Laser Raman spectroscopy

Laser Raman spectroscopy is a powerful technique for the identification of a wide range of samples – solids, liquids, and gases. It is a straightforward, non-destructive technique requiring no sample preparation. Raman spectroscopy involves illuminating the sample with monochromatic light (laser) and using a spectrometer to examine light that is scattered by the sample. Spectral composition of the scattered light carries information about different molecular or crystal vibrational modes which can serve as a unique characteristic for different materials. This makes Raman spectroscopy a useful technique for fast material identification (usually a few minutes are required) and characterisation of the content of DNA, RNA, lipids, proteins, sugars, pigments, saccharides, and amides within the sample. Typical Raman spectrometers for material identification use a microscope to focus the laser beam on a small spot so that the information about chemical composition from femtolitre volumes can be obtained. Even though the principle of this method has been known for almost a hundred years, only recently has started to be utilized in many unique applications triggered especially by the development of sensitive detectors.

The advantages and applications of Raman spectroscopy


  • Raman spectroscopy is capable of rapidly identifying biological samples. For example, medically relevant bacterial strains can be detected (e.g. Staphylococcus epidermidis). Raman spectroscopy can discriminate between biofilm-positive and biofilm-negative bacterial strains in real-time. Thus, time and cost of patient treatment related to virulent infection can be reduced because an appropriate therapeutic strategy can be chosen.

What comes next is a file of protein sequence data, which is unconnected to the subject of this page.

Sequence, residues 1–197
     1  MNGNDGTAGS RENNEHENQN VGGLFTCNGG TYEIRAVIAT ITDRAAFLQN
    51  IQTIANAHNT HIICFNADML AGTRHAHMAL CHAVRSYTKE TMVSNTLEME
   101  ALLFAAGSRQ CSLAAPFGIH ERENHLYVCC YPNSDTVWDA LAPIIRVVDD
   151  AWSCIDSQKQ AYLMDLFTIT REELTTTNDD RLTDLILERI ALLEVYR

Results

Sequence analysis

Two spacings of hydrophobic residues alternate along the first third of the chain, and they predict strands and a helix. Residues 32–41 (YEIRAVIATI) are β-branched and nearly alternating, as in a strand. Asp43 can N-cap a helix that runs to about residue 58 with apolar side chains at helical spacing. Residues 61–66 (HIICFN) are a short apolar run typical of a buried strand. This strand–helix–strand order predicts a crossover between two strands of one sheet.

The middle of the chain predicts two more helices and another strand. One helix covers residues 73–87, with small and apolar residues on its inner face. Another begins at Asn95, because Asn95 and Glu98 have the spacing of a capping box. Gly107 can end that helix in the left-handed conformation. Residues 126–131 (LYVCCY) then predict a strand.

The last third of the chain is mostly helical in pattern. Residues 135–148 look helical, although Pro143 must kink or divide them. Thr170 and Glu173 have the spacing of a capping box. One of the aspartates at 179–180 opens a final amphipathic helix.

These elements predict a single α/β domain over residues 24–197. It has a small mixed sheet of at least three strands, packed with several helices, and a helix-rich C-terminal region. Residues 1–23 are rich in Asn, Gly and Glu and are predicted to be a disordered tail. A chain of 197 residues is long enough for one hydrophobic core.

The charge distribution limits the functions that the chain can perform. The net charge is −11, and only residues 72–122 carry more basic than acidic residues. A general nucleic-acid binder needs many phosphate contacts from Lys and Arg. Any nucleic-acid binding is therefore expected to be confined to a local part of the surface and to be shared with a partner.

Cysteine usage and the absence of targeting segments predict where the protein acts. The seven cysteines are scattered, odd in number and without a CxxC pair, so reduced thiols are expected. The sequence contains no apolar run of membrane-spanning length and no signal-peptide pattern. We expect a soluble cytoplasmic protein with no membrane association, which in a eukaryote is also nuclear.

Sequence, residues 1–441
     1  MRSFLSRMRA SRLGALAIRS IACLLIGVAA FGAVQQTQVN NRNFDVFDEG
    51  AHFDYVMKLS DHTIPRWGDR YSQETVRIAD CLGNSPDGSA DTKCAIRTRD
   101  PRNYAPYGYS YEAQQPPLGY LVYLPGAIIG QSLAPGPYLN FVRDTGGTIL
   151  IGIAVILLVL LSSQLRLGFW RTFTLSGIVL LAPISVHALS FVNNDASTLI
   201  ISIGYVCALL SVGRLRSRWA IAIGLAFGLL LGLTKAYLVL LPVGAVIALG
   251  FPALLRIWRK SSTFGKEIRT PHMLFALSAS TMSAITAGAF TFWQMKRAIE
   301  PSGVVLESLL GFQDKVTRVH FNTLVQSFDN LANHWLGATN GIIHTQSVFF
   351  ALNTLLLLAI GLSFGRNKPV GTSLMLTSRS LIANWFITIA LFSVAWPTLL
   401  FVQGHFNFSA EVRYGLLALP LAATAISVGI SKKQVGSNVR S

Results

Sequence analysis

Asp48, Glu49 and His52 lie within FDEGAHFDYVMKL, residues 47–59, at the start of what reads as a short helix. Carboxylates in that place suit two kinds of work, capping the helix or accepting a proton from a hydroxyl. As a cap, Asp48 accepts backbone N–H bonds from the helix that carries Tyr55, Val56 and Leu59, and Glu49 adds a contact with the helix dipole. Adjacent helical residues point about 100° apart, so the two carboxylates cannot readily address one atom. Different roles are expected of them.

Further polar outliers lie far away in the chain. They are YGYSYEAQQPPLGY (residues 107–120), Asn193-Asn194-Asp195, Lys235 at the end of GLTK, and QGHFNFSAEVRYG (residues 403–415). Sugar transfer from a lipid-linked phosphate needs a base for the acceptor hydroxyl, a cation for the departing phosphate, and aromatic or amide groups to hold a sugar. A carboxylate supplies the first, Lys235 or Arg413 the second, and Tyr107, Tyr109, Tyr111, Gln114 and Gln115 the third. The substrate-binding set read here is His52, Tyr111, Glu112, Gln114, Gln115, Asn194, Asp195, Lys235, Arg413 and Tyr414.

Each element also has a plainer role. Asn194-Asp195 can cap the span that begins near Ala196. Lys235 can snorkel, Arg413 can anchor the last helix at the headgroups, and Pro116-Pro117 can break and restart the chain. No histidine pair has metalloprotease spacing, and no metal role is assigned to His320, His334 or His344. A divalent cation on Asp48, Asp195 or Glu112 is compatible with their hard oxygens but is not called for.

• Raman spectra can serve for identification of cells in oncological applications (e.g. diagnostics for early recognition of cancerous cells in-vivo and in-vitro) and identification of cells invaded by viral infections.
  • Non-destructive analysis in the pharmaceutical industry (e.g. on-line characterization of tablets) and production of chemical maps of different surfaces or identification of nano-structures are possible.
  • Raman spectroscopy can be combined with optical tweezers to form so-called Raman tweezers. This powerful combination can be used for identification and sorting of microorganisms freely moving in liquids.